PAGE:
Few individuals would grudge the costs or inconvenience of childproofing cupboards to protect small children from stored poisons.* Most of us would laugh angrily at anyone who tried to tell us that poison is not really that dangerous when ingested by toddlers, that it might even be beneficial since repeated small amounts could create immunity, or that rational measures to protect our children will create weak and dependent individuals who can’t look out for themselves.
However, when the issue is anthropogenic global warming, which could effectively poison our children’s and grand-children’s future, many of us are willing to listen to climate change contrarians who tell us that global warming isn’t really all that dangerous, it costs too much to do what is necessary to stop it, and that we will destroy capitalism if we try to do anything about it.
This message is exactly what Reps. Sue Allen (R-92) and Cole McNary (R-86) are sending to their constituents as they attempt to gin up opposition to cap-and-trade legislation. In a follow-up e-mail to those who attended the showing of the film, Not Evil, Just Wrong, that they sponsored in October, they confuse climate issues that only science can authoritatively address with theoretical economic and political concerns:
It is our view that the best alternatives [i.e. to addressing climate change] lie in an understanding of science and history. How did the West, particularly the United States, become so much wealthier and cleaner than the rest of the world? Life expectancy has doubled since the beginning of the 19th century – truly remarkable. A political system that protects our individual rights to life, liberty and property has a lot to do with our progress. It’s a system that leaves scientists free to study and report their findings. It allows businessmen to innovate and produce, and it allows individuals free to buy and sell goods and services of value in a free-market.
Nor do they forget the right-wing strategy du jour which is to suggest that inconvenient scientific truths can be ignored or reformulated because they pose a threat to the American Way of Life (and wealth):
Sadly, we are eroding the very systems that have lead to such widespread prosperity especially for the average working man.
The concerns that Allen and NcNary raise have no bearing on the cause of global warming, and do not contribute to solving the problem. So, to provide a veneer of scientific respectability to their ideological rabble-rousing, they provide links to a talk delivered by climate-change skeptic Richard Lindzen, and to a panel discussion featuring presentations by astrophysicist Willie Soon, and physicist Keith Lockitch of the Ayn Rand Istitute.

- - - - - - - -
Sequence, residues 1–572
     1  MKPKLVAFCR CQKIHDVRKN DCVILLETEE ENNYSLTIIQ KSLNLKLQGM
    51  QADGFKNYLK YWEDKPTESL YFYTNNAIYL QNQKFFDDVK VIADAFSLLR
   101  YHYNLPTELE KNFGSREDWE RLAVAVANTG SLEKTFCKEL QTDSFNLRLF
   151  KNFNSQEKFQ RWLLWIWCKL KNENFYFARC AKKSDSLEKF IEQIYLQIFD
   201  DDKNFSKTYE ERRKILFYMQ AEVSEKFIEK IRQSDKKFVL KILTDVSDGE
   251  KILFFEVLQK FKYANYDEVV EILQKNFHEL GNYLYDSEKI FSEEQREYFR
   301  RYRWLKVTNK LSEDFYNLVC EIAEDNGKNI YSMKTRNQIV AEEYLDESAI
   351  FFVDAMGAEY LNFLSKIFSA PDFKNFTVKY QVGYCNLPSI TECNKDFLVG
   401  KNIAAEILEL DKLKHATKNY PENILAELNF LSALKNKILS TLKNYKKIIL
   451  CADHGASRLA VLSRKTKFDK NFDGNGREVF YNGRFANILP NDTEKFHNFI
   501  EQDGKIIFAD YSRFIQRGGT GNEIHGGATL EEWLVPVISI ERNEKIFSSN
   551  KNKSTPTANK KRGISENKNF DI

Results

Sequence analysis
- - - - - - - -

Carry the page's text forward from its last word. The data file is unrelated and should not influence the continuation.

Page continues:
Soon, whose research is funded by the American Petroleum Institute, clings to a thoroughly debunked theory that climate change is not man-made, but the result of variations in solar radiation. Lockitch, a fellow at the Ayn Rand Center for Individual Rights (ARI), approaches the climate change debate from an Objectivist perspective that reflects hostility to environmentalism rather than compelling scientific argument.
Richard Lindzen is a somewhat different matter. He is the only one of the three who is actually a legitimate climate scientist, and, although his persistent critiques have been roundly rejected, he still retains some shred of respectability. Scientists writing at RealClimate and LogicalScience offer critiques of his positions here, here and here. As his arguments fail to gain traction, he has increasingly resorted to individual and collective ad hominem attacks on his colleagues.
Why, we ask, are our State Representatives promoting the views of discredited scientists, fools and charlatans. One answer is money. In Missouri, the coal-industry has lots to lose if meaningful cap-and-trade legislation is enacted. And certainly, if you look at the source of campaign funds for both Allen and McNary, you will note that, electric utilities, energy and natural resources sectors were among their most generous contributors in the past, although the sums were relatively small overall. Of course, apart from past support, it obviously doesn’t hurt freshmen representatives to cultivate their friends with an eye to the future.
Another, and possibly more compelling answer is ideology – that same furious, simple-minded, fringe conservatism that is responsible for retarding economic and social development across Missouri. This time, however, the stakes are too large; we cannot afford to permit failed ideology to prevail at the cost of our future.